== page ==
FDA leading the way as the DfT redesigns performance management

Friday 28 April 2017        

The FDA has worked hard to secure changes to the civil service performance management system since its introduction in 2012, arguing that PMR in its current form eats up time and resources, disproportionately impacts staff with protected characteristics, and gets in the way of quality conversations between line managers and their workforce.

That's why we welcomed the Cabinet Office’s announcement late last year that departments would be given greater freedom to design new performance systems that were fit for the future - something the Department for Transport is now working on, with the FDA playing a key role.

The DfT has already set up a PMR Project Board, which will work up proposals for a new performance system in time for the 2018 PMR year. James Conway, convenor for the FDA’s DfT branch, is leading the way on the union side, and is taking the seat for the unions on the board.

Throughout this experience, the DfT has been taking into account the valuable experience from its trial of PMR changes at the Driver and Vehicle Licensing Agency. Unions have also discussed the core elements that they would like to see in the new system when it is introduced.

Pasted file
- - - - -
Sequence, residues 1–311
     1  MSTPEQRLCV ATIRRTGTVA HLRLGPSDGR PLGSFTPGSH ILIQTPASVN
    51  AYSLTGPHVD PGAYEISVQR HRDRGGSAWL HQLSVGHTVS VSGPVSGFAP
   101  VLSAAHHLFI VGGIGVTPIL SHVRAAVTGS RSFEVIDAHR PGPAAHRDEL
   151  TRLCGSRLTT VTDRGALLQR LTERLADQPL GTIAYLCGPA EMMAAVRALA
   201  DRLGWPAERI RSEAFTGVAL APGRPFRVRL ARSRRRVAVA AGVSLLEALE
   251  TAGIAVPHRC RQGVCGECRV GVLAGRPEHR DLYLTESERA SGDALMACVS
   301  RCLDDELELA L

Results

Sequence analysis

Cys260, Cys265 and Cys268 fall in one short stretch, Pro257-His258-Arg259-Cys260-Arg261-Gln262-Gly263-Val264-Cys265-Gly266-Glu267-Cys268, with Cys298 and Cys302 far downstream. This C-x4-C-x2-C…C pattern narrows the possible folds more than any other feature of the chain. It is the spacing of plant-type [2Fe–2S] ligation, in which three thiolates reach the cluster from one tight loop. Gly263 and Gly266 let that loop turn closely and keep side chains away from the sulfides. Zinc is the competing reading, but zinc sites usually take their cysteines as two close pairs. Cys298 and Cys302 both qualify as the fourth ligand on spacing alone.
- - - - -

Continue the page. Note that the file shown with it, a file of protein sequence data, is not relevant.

These include an end to box markings, relative assessment and guided distribution. Unions instead want to see a focus on good quality conversations, development, a link to competencies where this drives promotion, and the ability to tailor the system to operational business units.

The department is already holding monthly meetings with the TUS to discuss the new performance reporting system. These meetings are considered a sub-group of the Project Board, so its views are directly fed up to the board itself. There are also plans to formally consult unions on the changes, with this part of the process expected to take place in the autumn.

We will aim to keep FDA members in the DfT informed as the Project Board’s work continues. In the meantime, you can read more about the civil service-wide changes to performance management in the latest issue of Public Service Magazine.